How to avoid the traps of emotional over-spending
We all have bad days, that’s just life. And whether it’s picking up a tub of your favourite ice-cream, or indulging in a little retail therapy, we all have our go-to pick-me-up’s, to help get us through. No harm in that, right?
Well, according to Mozo’s recent Comfort Spending Report, Aussies are spending a whopping $25.5 billion a year to cope with stress, anxiety and boredom. Do the math, and this equates to $1,430 per person each year on average, which is particularly worrisome.
But, we get it. You overslept, your train’s delayed, you’re late to work, and to top it all off, you stub your toe, and now you’re a blubbering mess. We’ve all been there. But, before you jump online and do some damage with your credit card, consider the consequences of emotionally-driven impulse spending, and then ask yourself whether the designer shoes are really worth it.
While comfort spending within your means every so often isn’t exactly a crime, winding up in debt over a bad day at work is a serious financial danger zone which could ultimately impact on other areas of your life.
And while there’s no specific comfort spender gender (we all do it!), our Mozo data revealed that women are in fact, the biggest culprits of dropping the most cash.
So, now that we’ve given you the wakeup call you needed, here are a few strategies to help you bust your comfort spending habit!
Resist the urge to splurge:
How many times have you caught yourself pacing back and forth between the fridge and the pantry, only to realise that you’re not hungry at all, you’re really just looking to feed your boredom? Well, people don’t just eat when they’re bored, they online shop too!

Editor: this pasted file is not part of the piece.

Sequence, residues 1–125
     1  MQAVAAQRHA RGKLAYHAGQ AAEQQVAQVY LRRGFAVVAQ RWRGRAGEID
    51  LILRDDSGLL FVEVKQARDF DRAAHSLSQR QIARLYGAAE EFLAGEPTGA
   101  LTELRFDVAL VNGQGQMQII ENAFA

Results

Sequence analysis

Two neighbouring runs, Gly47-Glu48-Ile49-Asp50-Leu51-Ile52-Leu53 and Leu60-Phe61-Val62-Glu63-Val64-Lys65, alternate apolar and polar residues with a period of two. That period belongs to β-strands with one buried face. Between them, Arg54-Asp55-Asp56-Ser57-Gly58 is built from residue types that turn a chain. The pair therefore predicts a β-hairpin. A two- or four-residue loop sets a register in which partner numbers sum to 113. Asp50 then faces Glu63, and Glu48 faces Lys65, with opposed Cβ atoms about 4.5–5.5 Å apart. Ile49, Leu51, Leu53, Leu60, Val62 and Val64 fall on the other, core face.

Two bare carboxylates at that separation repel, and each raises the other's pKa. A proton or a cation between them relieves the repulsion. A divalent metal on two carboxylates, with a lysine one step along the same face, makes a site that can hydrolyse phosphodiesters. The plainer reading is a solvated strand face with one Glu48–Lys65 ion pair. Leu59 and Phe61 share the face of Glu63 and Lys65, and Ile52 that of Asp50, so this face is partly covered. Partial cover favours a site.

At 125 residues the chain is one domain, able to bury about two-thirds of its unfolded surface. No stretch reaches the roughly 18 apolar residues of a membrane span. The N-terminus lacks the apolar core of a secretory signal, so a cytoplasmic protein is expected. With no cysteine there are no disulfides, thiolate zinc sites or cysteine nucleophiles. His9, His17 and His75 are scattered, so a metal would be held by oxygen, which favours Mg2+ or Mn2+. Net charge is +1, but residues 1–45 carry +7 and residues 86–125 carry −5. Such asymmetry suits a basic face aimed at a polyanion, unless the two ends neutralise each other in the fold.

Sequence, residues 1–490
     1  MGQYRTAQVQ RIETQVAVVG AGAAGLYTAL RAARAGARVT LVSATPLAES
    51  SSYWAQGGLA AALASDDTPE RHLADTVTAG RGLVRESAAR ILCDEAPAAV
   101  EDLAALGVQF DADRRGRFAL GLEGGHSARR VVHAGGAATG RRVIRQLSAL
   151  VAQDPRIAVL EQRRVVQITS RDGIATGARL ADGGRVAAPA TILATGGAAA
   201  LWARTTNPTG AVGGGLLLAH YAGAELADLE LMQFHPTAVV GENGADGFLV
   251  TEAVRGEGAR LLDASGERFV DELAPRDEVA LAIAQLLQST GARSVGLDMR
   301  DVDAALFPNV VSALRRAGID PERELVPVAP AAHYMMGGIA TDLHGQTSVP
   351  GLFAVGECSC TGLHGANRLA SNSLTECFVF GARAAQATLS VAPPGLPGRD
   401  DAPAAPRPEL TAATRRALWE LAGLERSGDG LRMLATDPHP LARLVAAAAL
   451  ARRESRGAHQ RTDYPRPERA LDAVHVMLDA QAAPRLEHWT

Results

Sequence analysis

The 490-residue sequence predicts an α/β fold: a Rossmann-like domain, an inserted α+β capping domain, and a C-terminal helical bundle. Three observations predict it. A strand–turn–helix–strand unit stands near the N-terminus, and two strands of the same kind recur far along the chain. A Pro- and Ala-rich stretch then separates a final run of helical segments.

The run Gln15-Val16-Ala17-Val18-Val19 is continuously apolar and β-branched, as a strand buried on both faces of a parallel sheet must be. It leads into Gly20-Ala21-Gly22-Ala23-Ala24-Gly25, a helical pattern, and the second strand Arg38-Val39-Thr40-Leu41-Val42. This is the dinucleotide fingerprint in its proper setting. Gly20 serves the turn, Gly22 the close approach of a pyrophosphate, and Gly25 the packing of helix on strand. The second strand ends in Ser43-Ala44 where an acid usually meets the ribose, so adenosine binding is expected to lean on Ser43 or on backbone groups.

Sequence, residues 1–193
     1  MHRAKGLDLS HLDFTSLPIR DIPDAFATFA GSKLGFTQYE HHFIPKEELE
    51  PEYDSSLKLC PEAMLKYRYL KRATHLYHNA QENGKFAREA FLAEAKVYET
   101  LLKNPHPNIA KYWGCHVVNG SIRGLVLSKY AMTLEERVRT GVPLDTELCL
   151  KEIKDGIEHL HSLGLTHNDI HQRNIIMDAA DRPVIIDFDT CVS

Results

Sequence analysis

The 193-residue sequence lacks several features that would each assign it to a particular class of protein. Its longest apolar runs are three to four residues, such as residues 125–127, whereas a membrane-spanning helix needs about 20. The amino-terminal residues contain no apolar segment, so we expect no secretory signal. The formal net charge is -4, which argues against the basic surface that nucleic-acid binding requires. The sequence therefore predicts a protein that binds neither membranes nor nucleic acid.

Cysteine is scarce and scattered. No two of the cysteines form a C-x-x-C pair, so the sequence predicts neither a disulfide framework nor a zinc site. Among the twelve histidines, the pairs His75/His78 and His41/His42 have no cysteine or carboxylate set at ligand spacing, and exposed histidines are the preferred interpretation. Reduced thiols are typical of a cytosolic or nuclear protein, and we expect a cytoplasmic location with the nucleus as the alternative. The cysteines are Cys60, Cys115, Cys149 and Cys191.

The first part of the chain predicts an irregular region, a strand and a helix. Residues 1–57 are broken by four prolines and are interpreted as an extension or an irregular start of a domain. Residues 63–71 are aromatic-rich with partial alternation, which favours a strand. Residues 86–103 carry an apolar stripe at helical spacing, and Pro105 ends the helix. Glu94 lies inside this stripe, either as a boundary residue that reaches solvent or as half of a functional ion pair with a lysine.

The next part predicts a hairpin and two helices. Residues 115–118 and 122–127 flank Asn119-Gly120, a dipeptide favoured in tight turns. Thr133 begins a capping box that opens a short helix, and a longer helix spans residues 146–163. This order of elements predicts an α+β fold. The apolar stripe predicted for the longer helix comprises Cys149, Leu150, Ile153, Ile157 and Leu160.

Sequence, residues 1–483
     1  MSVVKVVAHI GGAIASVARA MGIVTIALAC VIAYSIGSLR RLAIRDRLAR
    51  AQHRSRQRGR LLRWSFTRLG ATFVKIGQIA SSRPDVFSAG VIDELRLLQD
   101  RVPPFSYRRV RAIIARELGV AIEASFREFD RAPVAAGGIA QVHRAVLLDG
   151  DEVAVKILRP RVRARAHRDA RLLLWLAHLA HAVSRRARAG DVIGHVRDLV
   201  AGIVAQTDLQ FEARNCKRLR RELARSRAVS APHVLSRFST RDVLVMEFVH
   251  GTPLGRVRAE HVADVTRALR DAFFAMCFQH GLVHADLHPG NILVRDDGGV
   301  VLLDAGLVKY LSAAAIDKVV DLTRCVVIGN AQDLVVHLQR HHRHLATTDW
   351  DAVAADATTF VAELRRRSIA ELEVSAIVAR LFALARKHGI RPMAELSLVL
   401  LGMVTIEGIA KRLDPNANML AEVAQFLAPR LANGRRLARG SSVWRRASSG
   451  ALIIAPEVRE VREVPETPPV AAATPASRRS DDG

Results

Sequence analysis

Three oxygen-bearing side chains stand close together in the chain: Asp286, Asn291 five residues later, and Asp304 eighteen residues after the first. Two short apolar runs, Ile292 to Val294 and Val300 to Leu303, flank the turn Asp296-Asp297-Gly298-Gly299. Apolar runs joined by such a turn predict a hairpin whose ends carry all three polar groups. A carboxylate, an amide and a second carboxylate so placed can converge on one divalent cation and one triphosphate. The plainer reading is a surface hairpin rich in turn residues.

So, if you’re in the 47% of Aussies who aimlessly shop when bored, then if you can’t resist the temptation, remove yourself from the situation! Unsubscribe from those spammy online clothing store E-newsletters and sale alerts that are clogging up your inbox, and while you’re at it, just go ahead and delete any shopping apps from your smartphone altogether. Out of sight, out of mind!
Don’t sweat it. Sweat it out!
Why pay off that new laptop for the next 12 months which you impulsively bought in anger because Jenny from the office keeps pinching your milk. With 23% of Aussies admitting to comfort spending after a bad day at work, we say a better way to blow off steam is by sweating it out instead!
Forget the expensive gym membership, just go for a jog, or kick a ball around. Nowadays you can find tonnes of free Zumba, pilates, yoga and other free easy to follow workout videos online. Whatever your schtick, just go for it!
Don’t mistake retail therapy for ACTUAL therapy
Take notice of any patterns in your comfort spending behaviour. If you find that yourself spending like crazy when you’re feeling anxious or right after a high-stress situation, then blowing your entire paycheck on overpriced makeup probably isn’t the answer.
Sure, your new purchase will make you feel better in the moment, but in the long run, you’d be far better off tackling the underlying issues that are causing the anxiety head-on. Take some time to reflect, by writing in a journal, or even talking to a close friend. If anything, over-spending will only give you more to stress about, especially if it means spiralling into credit card debt.
Set yourself a spending limit
If all else fails and you truly believe there’s no other alternative but to comfort spend, then at the very least set yourself a limit so that you only spend what you can afford and don’t sacrifice your savings or get yourself knee-deep in debt.
You might think that $100 for a new dress is nothing, but if you find you can’t pay it off the following month and end up paying it off over the next six months instead, then factor in the high credit card interest rate and that $100 dress could wind up costing you double!
Take control of your comfort spending habit before it controls you!
About the author:
As a personal finance writer at Mozo, Rhianna Dews arms Australian consumers with the insights and knowledge they need to make informed financial decisions. By turning complex finance topics and industry jargon into informative, easy to understand articles, Rhianna helps people become to take control of their personal finances and become more money-savvy.